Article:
I'm reading the book Probability, Random Variable & Stochastic Processes by Papoulis & Pillai 4th Ed.

Chapter 9 starts with definition of Stochastic Process. On Pg 373 Sec 9-1 Definitions, it states

As we recall, a random variable x is a rule for assigning to every outcome $\zeta$ of an experiment S a number $\bf{x}(\zeta)$. A stochastic process $\bf{x}$$(t)$ is a rule for assigning to every $\zeta$ a function $\bf{x}$$(t, \zeta)$.

Then it goes on to add the following:

Thus a stochastic process is a family of time functions depending on the parameter $\zeta$ or, equivalently, a function of t and {. The domain of $\zeta$ is the set of all experimental outcomes and the domain of t is a set $\mathbb{R}$ of real numbers.

Thereafter, there is a series of contradictions that I feel with this definition. The definition means that for if conditionally say $\zeta_i$ occurs then the function $\bf{x}$$(t)$ results which on this given condition is now completely deterministic, rather than a collection of random variables defined on the same sample space. In some places in the book this the latter view is implicit. For example on pg. 375 titled $\bf{Statistics\ of\ Stochastic\ Processes}$

A stochastic process is a noncountable infinity of random variables, one for each $t$.

Towards the end of pg 373,

We shall use the notation $\bf{x}$$(t)$ to represent a stochastic process omitting, as in the case of random variables, its dependence on $\zeta$. Thus $\bf{x}$$(t)$ has the following interpretations:

  1. It is a family (or an ensemble) of functions x(t, $\zeta$). In this interpretation, t and $\zeta$ are variables.
  2. It is a single time function (or a sample of the given process). In this case, t is a variable and $\zeta$ is fixed.
  3. If t is fixed and $\zeta$ is variable, then x(t) is a random variable equal to the state of the given process at time t.
  4. If t and $\zeta$ are fixed, then $\bf{x}$$(t)$ is a number

For point 2, this means that a sample path $x_i(t)$ when $\zeta = \zeta_i$
is completely deterministic & not a collection of random variables. Say $\zeta \in \{H,T\}$ be the sample space. Let the stochastic process be, $x(t,H) = 1+t, \ t\geq 0$ & $x(t,T) = 1-t, \ t\geq 0$. Thus $P\{x(t) = 1+t |\ \zeta=H\} = 1$, is completely deterministic.

Thus, this definition only limits itself to these type of stochastic processes.

This has left me confused.


1 Answer 1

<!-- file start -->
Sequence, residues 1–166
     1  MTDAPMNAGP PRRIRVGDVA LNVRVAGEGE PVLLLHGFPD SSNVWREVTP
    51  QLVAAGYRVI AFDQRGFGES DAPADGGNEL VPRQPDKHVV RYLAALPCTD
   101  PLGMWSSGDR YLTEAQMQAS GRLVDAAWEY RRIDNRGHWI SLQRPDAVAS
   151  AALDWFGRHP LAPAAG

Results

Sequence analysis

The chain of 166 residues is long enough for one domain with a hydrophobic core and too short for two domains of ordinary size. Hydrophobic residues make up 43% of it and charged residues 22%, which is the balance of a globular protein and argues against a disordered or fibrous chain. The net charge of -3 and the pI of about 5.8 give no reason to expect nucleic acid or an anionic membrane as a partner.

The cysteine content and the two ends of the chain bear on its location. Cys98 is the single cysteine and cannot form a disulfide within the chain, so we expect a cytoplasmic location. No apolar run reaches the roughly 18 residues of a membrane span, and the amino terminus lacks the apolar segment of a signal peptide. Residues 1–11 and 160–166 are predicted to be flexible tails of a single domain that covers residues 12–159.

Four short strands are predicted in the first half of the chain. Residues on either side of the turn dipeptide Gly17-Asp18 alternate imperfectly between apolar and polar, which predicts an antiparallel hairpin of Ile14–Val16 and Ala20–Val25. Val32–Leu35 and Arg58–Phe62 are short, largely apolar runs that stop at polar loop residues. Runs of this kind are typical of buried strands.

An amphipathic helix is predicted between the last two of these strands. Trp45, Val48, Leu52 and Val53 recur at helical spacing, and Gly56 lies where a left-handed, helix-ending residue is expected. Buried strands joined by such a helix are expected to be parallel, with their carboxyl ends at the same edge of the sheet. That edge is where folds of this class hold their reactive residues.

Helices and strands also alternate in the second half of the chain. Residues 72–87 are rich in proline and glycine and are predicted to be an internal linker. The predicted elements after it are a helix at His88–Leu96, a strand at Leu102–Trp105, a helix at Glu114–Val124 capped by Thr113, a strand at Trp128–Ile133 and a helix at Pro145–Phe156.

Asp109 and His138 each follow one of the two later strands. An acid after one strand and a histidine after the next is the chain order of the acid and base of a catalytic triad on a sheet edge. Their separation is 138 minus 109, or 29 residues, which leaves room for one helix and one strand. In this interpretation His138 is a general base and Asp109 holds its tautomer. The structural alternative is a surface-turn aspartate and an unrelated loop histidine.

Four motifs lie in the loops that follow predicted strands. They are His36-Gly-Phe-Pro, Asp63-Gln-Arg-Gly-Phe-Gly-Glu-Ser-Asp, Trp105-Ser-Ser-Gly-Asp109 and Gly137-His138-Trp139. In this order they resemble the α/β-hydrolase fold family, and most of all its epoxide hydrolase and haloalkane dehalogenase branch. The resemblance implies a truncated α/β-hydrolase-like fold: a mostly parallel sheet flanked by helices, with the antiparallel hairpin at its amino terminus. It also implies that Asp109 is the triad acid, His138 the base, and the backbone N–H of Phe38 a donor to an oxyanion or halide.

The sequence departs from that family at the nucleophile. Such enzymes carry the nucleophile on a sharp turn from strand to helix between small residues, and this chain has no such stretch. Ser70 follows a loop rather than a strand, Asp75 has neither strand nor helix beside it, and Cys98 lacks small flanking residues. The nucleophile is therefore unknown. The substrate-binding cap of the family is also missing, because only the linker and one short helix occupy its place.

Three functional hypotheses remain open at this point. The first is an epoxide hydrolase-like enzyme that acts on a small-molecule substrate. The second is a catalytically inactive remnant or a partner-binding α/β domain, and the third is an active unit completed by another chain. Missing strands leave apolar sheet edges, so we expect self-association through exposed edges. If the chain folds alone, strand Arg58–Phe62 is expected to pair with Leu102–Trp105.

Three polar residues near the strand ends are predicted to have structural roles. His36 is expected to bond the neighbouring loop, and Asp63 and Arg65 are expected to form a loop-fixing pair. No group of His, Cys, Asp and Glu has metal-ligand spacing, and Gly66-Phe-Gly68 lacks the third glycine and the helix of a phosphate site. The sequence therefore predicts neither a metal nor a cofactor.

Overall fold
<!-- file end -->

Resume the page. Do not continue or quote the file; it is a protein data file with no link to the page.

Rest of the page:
I think the author simply explains a convenient abuse of notation.

The stochastic process is a map $(t,\zeta)\mapsto x(t,\zeta)$ (or equivalently, a family $(t\mapsto x(t,\zeta))_{\zeta}$).

  1. Have you ever written something like "the function $t^2$ is differentiable" ? Well, $t^2$ is technically not a function, but $t\mapsto t^2$ is, and that is what you meant, and everybody understood it. Similarly, you might write $x(t,\zeta)$ to denote the function $(t,\zeta)\mapsto x(t,\zeta)$. However in many reasonings, the variable $\zeta$ is often fixed and it is annoying to write $\zeta$ everywhere. So we agree to say that $x(t)$ denotes $x(t,\zeta)$, which itself might denote the function $(t,\zeta)\mapsto x(t,\zeta)$.

  2. If $\zeta$ is fixed, you might want to look at the function $t\mapsto x(t,\zeta)$ (usually called a sample path). Recall that we are use to writing $x(t)$ instead of $x(t,\zeta)$. So you want to have a look at the function $t\mapsto x(t)$ (the variable $\zeta$ is implicit). For convenience, we denote by $x(t)$ the map $t\mapsto x(t)$.

  3. You also might want to have a look at the map $\zeta\mapsto x(t,\zeta)$, where $t$ is fixed. Even if $\zeta$ is not fixed this time, we are really used to making it implicit and we still denote by $x(t)$ the map $\zeta\mapsto x(t,\zeta)$, which is a random variable.

  4. Of course, if $t$ and $\zeta$ are fixed, then $x(t,\zeta)$ is a number, which is denoted $x(t)$ where we omit $\zeta$, as usual.

In the end, depending on the context, $x(t)$ might denote a stochastic process, a sample path, a random variable or a number. Usually, the context is clear enough so that we do not get confused. If the context becomes ambiguous, then you should specify your notation (for instance write $t\mapsto x(t,\zeta)$ instead of $x(t)$, since the latter might be misunderstood).

  • $\begingroup$ I have edited my question for clarity. My doubt is that the definition is very restrictive. $\endgroup$
    – Ricky
    Mar 16, 2019 at 13:34
  • $\begingroup$ "the definition is very restrictive". Which definition? Point 2? It's not really a definition. It's more like one of the 4 possible ways of understanding the term $x(t)$. Depending on the context, $x(t)$ means different things. Each situation described by points 1 to 4 is different. Of course in the case where $\zeta$ is fixed, everything is deterministic (sort of), but that concerns only points 2 and 4. $\endgroup$
    – Will
    Mar 16, 2019 at 14:22

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